Your Guide to the Differences Between MPFI and Direct Injection Fuel Systems

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Your Guide to the Differences Between MPFI and Direct Injection Fuel Systems

In the old days, vehicle engines used carburettors to provide the oxygen for the fuel air mixture. This mixture provides the combustive power that drives the vehicle down the road. These combustive explosions, on the order of hundreds of times per minute, impart this explosive energy to the crankshaft, which in turn drives the wheels of the vehicle, setting it in motion after applying the gas pedal.

Recent motor vehicles use fuel injection as opposed to a carburettor. Due to the improved efficiency and fuel mileage of a fuel injection system, as opposed to that of a carburettor, fuel injectors have become the new way to deliver the fuel for the fuel and air mixture used for engine combustion. Technology in this area has increased tremendously over the years. What started out as a single-point injection system grew to utilize a multi-point injection system and then evolved to the current preferred injection method, direct injection. And while a Multi-Point Fuel Injection (MPFI) system and a Direct Fuel Injection (DFI) system exhibit many similarities, there are also some key differences.

Common Types of Fuel Injection Systems

A multitude of fuel injection system types exist, though most fall into three distinct categories: single-point injection, multi-point injection, and direct injection. The table below provides details on these three common types of fuel injection systems.

Fuel Injection System Types

Description

Throttle Body

Single-point injection system; costs less; simplest fuel injection system available

Multi Point Fuel Injection

Injects fuel into each cylinder's intake valve; can be in sequence, simultaneously, or in groups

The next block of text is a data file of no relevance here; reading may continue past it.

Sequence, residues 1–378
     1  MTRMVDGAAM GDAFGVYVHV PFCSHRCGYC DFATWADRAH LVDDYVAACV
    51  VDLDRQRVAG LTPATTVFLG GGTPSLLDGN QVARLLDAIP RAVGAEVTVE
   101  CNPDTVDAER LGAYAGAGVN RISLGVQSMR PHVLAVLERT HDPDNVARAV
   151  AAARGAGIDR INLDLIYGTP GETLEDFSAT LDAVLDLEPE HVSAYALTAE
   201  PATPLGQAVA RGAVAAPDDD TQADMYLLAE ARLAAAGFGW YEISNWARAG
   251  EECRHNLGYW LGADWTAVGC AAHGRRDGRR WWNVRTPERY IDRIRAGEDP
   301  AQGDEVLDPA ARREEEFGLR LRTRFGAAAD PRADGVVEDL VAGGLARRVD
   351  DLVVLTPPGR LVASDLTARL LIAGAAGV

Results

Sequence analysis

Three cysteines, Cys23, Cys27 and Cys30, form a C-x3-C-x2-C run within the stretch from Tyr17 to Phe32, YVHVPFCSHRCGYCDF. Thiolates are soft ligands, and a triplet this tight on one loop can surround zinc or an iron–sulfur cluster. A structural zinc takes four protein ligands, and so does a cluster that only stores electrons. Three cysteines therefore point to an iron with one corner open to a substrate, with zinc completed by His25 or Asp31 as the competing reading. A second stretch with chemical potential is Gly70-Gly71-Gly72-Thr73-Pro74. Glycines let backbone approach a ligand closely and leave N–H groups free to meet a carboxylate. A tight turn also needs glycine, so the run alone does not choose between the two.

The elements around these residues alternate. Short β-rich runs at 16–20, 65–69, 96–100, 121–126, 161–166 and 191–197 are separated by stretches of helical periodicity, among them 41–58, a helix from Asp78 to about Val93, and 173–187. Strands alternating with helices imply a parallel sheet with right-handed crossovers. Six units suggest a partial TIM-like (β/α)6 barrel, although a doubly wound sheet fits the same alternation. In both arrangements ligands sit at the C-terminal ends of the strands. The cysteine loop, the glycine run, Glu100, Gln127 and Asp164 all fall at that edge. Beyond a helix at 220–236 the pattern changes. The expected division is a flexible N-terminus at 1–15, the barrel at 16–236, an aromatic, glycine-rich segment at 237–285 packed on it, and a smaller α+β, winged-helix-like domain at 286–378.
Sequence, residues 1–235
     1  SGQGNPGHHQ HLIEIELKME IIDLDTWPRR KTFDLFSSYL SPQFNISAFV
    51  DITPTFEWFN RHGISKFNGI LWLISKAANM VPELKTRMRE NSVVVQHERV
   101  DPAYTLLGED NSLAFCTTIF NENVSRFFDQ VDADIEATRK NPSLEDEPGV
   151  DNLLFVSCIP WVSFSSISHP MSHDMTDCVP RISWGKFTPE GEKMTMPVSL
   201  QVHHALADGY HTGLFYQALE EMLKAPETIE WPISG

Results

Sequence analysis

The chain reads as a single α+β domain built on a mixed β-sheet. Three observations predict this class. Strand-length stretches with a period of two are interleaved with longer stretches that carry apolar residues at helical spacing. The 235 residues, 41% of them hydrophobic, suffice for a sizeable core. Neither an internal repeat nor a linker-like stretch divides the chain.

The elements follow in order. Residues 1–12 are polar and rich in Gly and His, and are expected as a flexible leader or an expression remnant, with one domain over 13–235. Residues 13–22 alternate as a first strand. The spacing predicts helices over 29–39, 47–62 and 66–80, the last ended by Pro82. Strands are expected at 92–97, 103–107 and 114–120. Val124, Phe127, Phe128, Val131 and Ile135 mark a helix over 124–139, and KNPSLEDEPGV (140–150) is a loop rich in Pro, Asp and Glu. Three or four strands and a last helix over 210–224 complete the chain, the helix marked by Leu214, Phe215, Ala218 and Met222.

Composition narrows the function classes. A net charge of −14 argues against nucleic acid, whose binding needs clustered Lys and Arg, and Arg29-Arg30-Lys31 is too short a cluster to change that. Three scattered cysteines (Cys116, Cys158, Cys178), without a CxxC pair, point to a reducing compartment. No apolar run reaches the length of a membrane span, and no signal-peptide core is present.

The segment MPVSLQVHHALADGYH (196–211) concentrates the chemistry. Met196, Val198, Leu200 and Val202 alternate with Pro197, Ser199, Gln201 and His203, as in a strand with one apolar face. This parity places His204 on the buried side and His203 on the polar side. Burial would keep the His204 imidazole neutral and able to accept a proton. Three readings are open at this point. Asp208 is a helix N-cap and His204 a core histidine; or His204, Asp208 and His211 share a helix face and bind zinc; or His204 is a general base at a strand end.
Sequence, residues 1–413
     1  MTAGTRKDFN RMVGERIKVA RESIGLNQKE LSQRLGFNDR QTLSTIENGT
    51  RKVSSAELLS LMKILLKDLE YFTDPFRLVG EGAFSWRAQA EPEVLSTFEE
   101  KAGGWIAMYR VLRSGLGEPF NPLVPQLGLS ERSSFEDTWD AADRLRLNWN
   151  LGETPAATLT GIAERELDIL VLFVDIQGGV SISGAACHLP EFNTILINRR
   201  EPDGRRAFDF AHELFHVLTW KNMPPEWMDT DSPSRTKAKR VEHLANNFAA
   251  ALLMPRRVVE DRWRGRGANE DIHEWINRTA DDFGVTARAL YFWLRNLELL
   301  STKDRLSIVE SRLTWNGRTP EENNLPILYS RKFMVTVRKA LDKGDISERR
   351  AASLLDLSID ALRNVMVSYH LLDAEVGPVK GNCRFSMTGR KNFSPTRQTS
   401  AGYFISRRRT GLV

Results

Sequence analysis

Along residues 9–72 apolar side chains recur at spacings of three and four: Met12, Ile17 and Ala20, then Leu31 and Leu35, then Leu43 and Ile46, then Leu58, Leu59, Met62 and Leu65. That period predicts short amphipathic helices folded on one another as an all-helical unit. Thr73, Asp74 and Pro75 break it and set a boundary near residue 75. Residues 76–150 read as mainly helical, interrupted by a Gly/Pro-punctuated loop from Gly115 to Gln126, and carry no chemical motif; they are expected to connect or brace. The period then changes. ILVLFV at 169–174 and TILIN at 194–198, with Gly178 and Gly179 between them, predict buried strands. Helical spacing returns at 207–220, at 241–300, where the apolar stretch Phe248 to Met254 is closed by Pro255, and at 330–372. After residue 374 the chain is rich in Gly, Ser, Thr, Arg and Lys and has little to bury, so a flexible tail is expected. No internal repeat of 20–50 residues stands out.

Direct Fuel Injection

Directly injected into the cylinder without mixing first; costs more; very clean system since intake is dry

While there are more than just the above three fuel injection systems available, the three detailed systems are used with motor vehicles, whereas the others find more common use in aircraft engines and those of high-end sports cars. Some fuel injection systems no longer see common use, such as the central port injection system employed by General Motors from 1992 to 1996.

How Fuel Injection Works

Early fuel injection systems used only one point of injection to add the fuel to the fuel and air mixture. This adding of fuel was accomplished on the intake stroke of the four-stroke engine process. These fuel injection systems were less costly than current systems, but they also used the same throttle body of the carburettor, which was an inefficient way to deliver fuel to the engine.

With the introduction of the MPFI system, fuel was delivered to outside the cylinder, just upstream of the intake valve for that cylinder. The actual fuel injection process of the multi-point system broke down into three types of injection methods, sequential, batched, and simultaneous.

Sequential is timed to coincide with the intake stroke of each cylinder. So, as each cylinder fires and the next one prepares to follow in succession, the fuel is injected. Batched, which means the fuel injection system delivers the fuel to the cylinders in groups. Simultaneous means the fuel arrives at each cylinder at the same time.